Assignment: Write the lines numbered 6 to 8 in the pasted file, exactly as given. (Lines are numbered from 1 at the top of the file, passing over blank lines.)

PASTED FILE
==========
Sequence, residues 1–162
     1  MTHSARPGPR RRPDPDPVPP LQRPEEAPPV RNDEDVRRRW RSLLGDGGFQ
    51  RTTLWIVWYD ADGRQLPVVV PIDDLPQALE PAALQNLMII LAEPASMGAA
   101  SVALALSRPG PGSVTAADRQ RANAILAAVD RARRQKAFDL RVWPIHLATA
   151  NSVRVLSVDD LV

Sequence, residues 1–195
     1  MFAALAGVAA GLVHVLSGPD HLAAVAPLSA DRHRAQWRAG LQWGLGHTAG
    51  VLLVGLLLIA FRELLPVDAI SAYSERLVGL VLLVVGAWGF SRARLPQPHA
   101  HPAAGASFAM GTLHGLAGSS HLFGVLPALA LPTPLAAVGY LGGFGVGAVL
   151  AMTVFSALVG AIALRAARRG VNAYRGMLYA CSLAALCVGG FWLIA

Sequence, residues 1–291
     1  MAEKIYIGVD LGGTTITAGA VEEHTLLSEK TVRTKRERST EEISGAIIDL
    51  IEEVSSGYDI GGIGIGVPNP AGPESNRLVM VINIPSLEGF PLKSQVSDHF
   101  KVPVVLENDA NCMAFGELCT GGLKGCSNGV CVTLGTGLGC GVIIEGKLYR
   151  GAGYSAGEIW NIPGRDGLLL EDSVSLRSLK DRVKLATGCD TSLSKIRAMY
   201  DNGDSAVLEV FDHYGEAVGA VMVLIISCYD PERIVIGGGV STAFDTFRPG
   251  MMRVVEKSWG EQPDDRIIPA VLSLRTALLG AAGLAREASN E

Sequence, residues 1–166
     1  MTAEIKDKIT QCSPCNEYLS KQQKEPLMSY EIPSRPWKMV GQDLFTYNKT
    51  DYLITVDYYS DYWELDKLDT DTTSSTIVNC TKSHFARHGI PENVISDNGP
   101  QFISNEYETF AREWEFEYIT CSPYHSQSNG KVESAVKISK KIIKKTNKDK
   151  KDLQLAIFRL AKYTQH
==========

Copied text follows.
Sequence, residues 1–195
     1  MFAALAGVAA GLVHVLSGPD HLAAVAPLSA DRHRAQWRAG LQWGLGHTAG
    51  VLLVGLLLIA FRELLPVDAI SAYSERLVGL VLLVVGAWGF SRARLPQPHA